Since 2011, his first full season in the majors, Freddie Freeman has produced six seasons with OPS+ of 136 or higher, trailing just baseball demigod Mike Trout’s eight in that department. Another year of that level of production, here’s the track the 30-year-old will find himself on: in Braves history, Hank Aaron (11), Eddie Mathews (10) and Chipper Jones (eight) are the only players with more 136 OPS+ seasons before turning 32, and in the expansion era, a seventh such campaign will give Freeman as many at this stage of his career as a 12 others, a list that includes six Hall of Famers (George Brett, Harmon Killebrew, Willie McCovey, Mike Piazza, Mike Schmidt and Jim Thome).
4. Ozzie may not challenge for 50/50, but 20/20 should be next evolution in career
While Ozzie Albies has let it be known that his Beisbol Hermano, Ronald Acuña Jr., wanted to make a run at the game’s first 50-home run/50-stolen base season, the Braves second baseman may be in position to challenge for a season that — while maybe not quite so gaudy — would be something rarely seen in the National League. Albies has rattled off back-to-back years with 24 home runs, and stolen 14 (2018) and 15 (2019) bags in his first two full seasons, making a 20/20 year well within reason. Sixteen second basemen have done it — with no Brave making the cut — and since 2008, the NL has seen the Reds’ Brandon Phillips (‘09), Phillies’ Chase Utley (‘09) and Diamondbacks’ Jean Segura (‘16) hit those plateaus. Albies, who Statcast has at 28.6 ft/s last season, may not have the speed of Phillips — we don’t have the benefit of next-level tracking from the height of his powers, but was at 25.8 ft/s in 2015 — and Segura (27.1 ft/ in 2017, his fastest year on record) — but an uptick of five steals from Albies’ 2019 to reach 20/20 should be seen as the next step in the evolution of the 23-year-old’s career.
5. Does Francisco Lindor’s believed ability put more pressure on Dansby Swanson?
This week on MLB Network Radio, Jon Paul Morosi said he firmly expects the Indians to move Francisco Lindor by the July 31 trade deadline and among the landing spots that he thought made sense for the Indians superstar shortstop included, yes, the Braves. It’s a mouth-watering thought of Lindor and his 23.2 fWAR since 2016, which leads all players at the position, creating a double-play duo with Ozzie Albies and adding 30-plus home runs a year to the lineup with another year of control before he becomes a free agent after the 2021 season. It’s just talk at this point, but it also puts a focus on Dansby Swanson as he enters his fourth full season, having not hit above league average or posting better than 1.9 fWAR in any of them. As mentioned before in this space, we’ve seen spurts of Swanson producing at a high level, we just haven’t seen it for the duration of a season due to injury (see the wrist in 2018 and quad and foot in ‘19). It may not matter if he’s putting up monster numbers and you can get a star to the degree of Lindor, but that Cleveland is believed to be moving him and it’s a spot where the Braves haven’t been able to get consistent production, it’s an underlying storyline worth considering.
6. A Chipper Jones tribute(?) at CoolToday Park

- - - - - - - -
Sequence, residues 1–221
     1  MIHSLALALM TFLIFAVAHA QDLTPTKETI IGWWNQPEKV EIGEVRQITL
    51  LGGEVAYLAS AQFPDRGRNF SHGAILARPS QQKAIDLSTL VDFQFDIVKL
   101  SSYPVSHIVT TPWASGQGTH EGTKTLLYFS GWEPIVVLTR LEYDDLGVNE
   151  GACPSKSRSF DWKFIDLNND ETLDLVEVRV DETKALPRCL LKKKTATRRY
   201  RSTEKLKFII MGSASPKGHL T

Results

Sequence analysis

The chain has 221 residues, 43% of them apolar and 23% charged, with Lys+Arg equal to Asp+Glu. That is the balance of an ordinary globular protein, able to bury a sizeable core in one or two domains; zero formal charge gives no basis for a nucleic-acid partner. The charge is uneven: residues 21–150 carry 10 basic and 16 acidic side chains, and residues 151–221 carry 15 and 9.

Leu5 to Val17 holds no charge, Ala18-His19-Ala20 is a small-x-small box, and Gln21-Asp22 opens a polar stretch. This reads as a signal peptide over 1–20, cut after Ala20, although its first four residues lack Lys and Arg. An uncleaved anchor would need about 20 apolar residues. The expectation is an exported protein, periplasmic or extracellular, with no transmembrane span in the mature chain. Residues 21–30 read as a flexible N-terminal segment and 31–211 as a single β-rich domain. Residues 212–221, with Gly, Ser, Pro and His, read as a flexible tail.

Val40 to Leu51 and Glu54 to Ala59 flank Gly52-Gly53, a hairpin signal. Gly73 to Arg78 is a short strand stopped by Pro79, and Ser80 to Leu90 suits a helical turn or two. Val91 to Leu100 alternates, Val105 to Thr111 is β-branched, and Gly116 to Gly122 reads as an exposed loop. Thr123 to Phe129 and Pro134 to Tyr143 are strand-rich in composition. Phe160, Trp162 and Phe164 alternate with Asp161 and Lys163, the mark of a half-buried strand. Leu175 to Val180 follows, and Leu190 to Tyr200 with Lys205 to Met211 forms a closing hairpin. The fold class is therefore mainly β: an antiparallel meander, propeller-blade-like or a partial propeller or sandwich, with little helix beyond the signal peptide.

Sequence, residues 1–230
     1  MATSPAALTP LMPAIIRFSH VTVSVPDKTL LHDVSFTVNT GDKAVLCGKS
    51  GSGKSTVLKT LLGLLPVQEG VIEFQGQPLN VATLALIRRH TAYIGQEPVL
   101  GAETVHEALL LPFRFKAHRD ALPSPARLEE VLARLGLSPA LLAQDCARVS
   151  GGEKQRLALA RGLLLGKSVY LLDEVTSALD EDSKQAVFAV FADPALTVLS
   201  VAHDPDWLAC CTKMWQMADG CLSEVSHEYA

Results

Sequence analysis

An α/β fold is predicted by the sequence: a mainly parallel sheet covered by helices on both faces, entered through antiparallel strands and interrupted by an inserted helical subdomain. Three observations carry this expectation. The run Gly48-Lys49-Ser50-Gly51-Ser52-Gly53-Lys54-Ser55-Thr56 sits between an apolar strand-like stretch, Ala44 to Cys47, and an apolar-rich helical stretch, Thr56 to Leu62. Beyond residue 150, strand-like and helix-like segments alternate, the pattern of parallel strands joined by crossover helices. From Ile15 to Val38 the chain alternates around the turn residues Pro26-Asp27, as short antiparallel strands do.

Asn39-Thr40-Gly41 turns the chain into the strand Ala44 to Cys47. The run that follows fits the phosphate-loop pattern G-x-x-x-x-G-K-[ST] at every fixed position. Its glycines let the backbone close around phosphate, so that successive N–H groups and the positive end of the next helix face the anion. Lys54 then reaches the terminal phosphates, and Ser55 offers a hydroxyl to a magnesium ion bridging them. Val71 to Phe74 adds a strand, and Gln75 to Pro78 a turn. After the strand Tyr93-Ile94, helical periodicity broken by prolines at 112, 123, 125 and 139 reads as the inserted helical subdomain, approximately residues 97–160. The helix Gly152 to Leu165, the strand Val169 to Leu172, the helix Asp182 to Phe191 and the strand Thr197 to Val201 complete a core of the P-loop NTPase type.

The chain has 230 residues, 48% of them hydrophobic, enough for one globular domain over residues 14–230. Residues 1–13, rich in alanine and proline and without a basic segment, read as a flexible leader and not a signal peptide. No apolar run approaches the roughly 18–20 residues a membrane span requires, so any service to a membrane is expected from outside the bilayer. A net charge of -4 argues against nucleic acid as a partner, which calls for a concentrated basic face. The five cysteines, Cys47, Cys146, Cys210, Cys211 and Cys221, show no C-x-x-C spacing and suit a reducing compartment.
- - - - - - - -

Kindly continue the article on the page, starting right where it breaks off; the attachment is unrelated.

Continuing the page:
All eyes are on the battle being waged for the third base job between Johan Camargo and Austin Riley and neither is showing signs of relenting. Camargo is slashing .308/.333/.500 with a home run and two doubles over 26 at-bats and Riley is at .333/.379/.630 with a pair of homers and doubles in 29 ABs and, of most interest, Riley has cut down on the strikeouts with five so far and has drawn a pair of walks. So with that position derby pulling everyone’s attention, how about a third base-related distraction? Here’s one courtesy of @Circuscpa on Twitter, who captured what you might refer to what I suppose we’ll refer to as a tribute to Hall of Famer Chipper Jones at CoolToday Park, where the icon’s photo is on the sign for the men’s bathroom. This is taking branding to a whole new level.
7. Happy birthday, Murph
A happy 64th birthday to Braves legend and captain of the All-Good Guy Team, Dale Murphy. Granted, he spent most of his time in center field — including his peak of back-to-back MVPs and five Gold Gloves — but he did play 101 games in left field, so roll with it. As anyone who has encountered Murph knows, everything that’s said about him is true. He was kind enough to grant me a long interview for Tales from the Atlanta Braves Dugout and sat down with me and co-host Zach Dillard for a segment for Chopcast LIVE. But one thing Muprhy did that seems so unfathomable today was the “Ask Dale Murphy” advice column he did for the then-dubbed Atlanta Journal & Constitution. As 11-year-old Allan Farr of Jonesboro asked him “When I play baseball, almost everyone seems to swear and cuss a lot. Is this true in professional baseball, and if so, how do you handle it?” Replied Murphy: “If there is some language that is objectionable to you, then you should try to avoid it if you can. Leave if it’s something that doesn’t agree with you. That is what I do.” No response seems to sum up Murphy, who would pick up teammates’ dinners if they didn’t drink. So happy birthday to the one and only, Dale Murphy. If you’re in the Atlanta-area, maybe a meal at Murph’s to celebrate? It’s unclear that if you don’t have any alcohol if the man himself will pick up the tab.
8. Revel in the Power of Pache
Cristian Pache’s time in major league camp is over as he was expectedly optioned to Triple-A ahead of Wednesday’s game, but not before he smacked a three-run homer — his second of the spring — in Tuesday’s split-squad matchup with the Orioles. No one has ever questioned the defense of the 21-year-old Dominican, but after waiting two seasons and nearly 700 ABs for Pache to hit his first professional home run, the power has been a growing component of his game. To be fair, he actually homered in an MLB park before he ever hit one in a minor league one, when he connected twice off Sean Newcomb back in 2018 when the Braves played their Future Stars at SunTrust Park. Whether that got the proverbial monkey of his back or not, or it’s the roughly 20 pounds of muscle to his skinny frame these past two years, he’d go on to hit nine in 2018 and 12 in ‘19. If the spring is any indication he’ll build on those figures in 2020, another tool that’s going to make it more difficult to keep him from cracking the MLB roster sooner rather than later.
9. MLB’s video search filter is the rabbit hole you prayed for
MLB.com has added a new search filter to its video library, and it is absolutely going to take over your life. Ronald Acuña Jr., as we know, has hit 15 leadoff home runs, a run that includes his becoming the second player since 1900 to start three straight games by going deep and the first Braves leadoff hitter to do so in both games of a double header since Felipe Alou in 1967. Thanks to this new MLB tool, you can relive them in all their splendor. So if you haven’t dove into this search engine yet, enjoy this run of all of Acuña’s leadoff homers. Also, for all you masochists out there, here’s all 15 times that Tyler Flowers has been hit by a pitch the last two seasons.